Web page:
NASA's Mars rover Curiosity, dispatched to study if the Red Planet could have hosted life, will take its first test drive on Wednesday.
The one-ton, nuclear-powered robotic geologist, which landed inside a Martian crater on Aug. 6, will get instructions for a 30-minute drive, mission manager Michael Watkins told reporters on a conference call Tuesday.
Later in the day, Curiosity will drive about 10 feet (3 meters), turn its wheels, then drive back to its landing site, ending up at a 90-degree angle from where it touched down inside Gale Crater.
"We want to park in a place we've exactly examined. We just want to be extra safe," Watkins said.
Ultimately, scientists plan to drive the six-wheeled rover, which is about the size of a small car, to a 3-mile-high (5-km-high) mound of layered rock rising from the center of the crater's floor, the primary target of the $2.5 billion, two-year mission.
Scientists believe the mound, known as Mount Sharp, is the remnant of sediment that once completely filled the 96-mile-wide (154-km-wide) basin.
The rover is equipped with 10 science instruments to search for organic materials and other minerals needed to support and possibly preserve microbial life.
Determining how Mount Sharp formed might be a little more difficult with the loss of one of Curiosity's two wind sensors, designed to measure the speed and direction of the planet's often unpredictable breezes.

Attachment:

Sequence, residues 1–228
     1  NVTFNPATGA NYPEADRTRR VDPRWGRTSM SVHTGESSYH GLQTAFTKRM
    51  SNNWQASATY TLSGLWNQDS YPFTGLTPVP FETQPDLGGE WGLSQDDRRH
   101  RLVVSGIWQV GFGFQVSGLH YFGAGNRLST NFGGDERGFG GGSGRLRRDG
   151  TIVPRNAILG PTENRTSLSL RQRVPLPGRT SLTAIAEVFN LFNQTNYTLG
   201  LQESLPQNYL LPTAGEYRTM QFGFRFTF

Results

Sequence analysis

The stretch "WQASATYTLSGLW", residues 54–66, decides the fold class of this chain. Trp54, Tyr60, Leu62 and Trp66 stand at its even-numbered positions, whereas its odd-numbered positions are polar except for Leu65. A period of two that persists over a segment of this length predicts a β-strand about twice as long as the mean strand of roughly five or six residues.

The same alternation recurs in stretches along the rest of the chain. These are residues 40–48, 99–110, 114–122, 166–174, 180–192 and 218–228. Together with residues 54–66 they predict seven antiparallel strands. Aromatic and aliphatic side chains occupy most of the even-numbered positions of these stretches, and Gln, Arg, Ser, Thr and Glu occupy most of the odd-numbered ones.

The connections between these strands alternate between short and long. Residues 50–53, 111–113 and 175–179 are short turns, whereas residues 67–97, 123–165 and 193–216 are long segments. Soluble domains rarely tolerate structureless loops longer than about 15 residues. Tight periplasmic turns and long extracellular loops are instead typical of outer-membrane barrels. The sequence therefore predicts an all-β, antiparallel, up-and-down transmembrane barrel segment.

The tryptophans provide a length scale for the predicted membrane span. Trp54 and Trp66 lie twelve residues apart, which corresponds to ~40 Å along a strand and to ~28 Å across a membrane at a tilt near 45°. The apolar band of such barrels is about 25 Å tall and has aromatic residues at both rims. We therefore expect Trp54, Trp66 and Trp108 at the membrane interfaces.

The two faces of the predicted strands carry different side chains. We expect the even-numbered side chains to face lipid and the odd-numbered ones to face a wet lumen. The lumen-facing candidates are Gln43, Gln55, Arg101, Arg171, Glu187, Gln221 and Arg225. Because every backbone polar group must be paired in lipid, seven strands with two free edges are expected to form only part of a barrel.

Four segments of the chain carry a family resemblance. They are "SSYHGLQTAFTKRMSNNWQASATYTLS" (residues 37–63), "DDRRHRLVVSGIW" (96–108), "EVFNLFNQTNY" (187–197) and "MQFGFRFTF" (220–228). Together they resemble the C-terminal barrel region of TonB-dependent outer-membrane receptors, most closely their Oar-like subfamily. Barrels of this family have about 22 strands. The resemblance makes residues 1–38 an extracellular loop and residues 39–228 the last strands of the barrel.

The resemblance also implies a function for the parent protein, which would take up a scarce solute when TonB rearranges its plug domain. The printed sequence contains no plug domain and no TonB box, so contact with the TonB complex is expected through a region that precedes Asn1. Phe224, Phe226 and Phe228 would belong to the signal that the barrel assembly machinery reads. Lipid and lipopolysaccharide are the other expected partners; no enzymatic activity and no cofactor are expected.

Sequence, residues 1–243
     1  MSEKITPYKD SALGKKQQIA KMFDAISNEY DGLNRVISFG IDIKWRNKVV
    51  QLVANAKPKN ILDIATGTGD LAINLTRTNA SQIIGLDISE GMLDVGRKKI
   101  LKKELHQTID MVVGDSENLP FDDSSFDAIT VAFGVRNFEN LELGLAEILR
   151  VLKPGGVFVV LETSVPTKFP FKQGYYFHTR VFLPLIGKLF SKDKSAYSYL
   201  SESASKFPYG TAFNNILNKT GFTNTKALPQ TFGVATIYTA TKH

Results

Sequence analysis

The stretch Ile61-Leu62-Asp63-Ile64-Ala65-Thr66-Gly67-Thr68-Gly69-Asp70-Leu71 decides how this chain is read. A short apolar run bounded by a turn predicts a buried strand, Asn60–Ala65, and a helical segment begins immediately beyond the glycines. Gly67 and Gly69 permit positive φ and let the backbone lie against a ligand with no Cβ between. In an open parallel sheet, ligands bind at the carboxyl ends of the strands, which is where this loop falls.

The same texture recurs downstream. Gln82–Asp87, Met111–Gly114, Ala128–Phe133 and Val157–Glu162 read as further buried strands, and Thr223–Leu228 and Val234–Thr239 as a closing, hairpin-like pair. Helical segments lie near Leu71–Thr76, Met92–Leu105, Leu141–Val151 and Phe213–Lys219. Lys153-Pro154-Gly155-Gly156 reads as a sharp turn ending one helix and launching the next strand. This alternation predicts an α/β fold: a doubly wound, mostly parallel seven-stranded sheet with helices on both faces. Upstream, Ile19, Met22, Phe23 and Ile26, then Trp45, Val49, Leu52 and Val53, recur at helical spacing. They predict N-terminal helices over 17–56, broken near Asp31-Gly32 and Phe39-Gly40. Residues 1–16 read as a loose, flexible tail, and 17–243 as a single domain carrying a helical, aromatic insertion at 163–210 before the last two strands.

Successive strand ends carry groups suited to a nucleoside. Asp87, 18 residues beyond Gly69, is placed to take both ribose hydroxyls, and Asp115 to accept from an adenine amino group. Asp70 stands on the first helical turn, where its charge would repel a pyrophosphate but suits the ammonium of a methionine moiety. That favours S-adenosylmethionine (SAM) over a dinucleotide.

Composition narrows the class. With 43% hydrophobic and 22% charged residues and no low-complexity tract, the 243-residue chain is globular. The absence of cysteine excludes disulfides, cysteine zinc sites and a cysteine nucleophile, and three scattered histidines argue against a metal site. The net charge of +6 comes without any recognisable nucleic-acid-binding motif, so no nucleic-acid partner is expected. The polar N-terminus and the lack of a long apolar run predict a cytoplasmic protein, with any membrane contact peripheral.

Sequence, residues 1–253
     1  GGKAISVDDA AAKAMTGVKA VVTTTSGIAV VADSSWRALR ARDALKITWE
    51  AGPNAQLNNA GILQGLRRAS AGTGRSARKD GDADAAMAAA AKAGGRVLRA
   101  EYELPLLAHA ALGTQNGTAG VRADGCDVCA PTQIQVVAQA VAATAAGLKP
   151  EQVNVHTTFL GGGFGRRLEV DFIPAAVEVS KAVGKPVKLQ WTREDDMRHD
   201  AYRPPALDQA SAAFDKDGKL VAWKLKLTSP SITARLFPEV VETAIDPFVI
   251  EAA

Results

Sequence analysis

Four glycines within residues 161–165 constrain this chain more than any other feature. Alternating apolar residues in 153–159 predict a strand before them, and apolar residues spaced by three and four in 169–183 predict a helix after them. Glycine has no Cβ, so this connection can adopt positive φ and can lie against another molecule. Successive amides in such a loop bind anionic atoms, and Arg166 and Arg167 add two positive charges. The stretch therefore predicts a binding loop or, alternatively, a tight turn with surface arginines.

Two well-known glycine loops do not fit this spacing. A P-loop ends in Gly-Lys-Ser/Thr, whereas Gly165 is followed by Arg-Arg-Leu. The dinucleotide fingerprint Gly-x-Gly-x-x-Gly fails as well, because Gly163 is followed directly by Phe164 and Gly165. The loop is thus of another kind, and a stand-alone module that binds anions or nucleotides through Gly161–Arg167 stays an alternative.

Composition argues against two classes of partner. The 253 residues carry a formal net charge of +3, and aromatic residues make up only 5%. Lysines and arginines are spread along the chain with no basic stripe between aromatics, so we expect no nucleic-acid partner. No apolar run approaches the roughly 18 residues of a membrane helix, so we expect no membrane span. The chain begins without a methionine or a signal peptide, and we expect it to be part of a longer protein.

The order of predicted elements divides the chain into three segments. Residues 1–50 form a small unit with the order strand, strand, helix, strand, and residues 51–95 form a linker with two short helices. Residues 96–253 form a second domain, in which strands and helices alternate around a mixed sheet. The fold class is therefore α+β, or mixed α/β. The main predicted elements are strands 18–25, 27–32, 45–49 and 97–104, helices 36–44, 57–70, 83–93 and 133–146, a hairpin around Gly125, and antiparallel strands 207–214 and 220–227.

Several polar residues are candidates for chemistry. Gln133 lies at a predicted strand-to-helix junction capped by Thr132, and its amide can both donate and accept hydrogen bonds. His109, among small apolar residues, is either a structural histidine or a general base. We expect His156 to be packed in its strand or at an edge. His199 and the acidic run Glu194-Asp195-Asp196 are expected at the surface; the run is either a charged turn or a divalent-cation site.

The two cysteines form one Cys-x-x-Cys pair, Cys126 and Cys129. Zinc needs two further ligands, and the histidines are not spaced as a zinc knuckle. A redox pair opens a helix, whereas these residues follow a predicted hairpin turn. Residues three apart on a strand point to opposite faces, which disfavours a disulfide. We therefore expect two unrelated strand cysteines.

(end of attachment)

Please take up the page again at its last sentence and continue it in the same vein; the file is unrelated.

Engineers suspect small pebbles kicked up by the rover's landing rockets during touchdown may have hit its deck and severed delicate wires on one of the sensor's exposed circuit boards.
"These are pretty fragile devices," deputy project scientists Ashwin Vasavada said, adding the damage is believed to be permanent.
Detecting wind speed
The loss of one sensor may make it more challenging for scientists to determine wind speed and direction inside Gale Crater, located near the planet's equator.
Scientists suspect that winds long ago circled inside the crater, transporting sediment that eventually built up Mount Sharp, which rises slightly above the basin's rim. Winds also likely play a role in forming and moving sand dunes that ring Mount Sharp today.
"We are trying to figure out how much sediment is going in today, how much is able to be carried out and then projecting that backward in time, using our computer simulations, to figure out basically how the mound came to be and what processes have shaped it and formed it and then eroded it over time," Vasavada said.
So far, the wind sensor is the only instrument on Curiosity that is not working properly. On Monday, the rover flexed its robot arm for the first time since landing on Mars and pivoted one of its back wheels, a preparation for Wednesday's test drive.
The arm holds a 73-pound (33 kg) turret of tools needed to collect and analyze rock and soil samples.
"The arm has already performed all these motions on Earth, but in a different gravity condition and that gravity does matter," said rover engineer Louise Jandura, with NASA's Jet Propulsion Laboratory in Pasadena, Calif.
(Editing by Kevin Gray; Editing by Cynthia Osterman)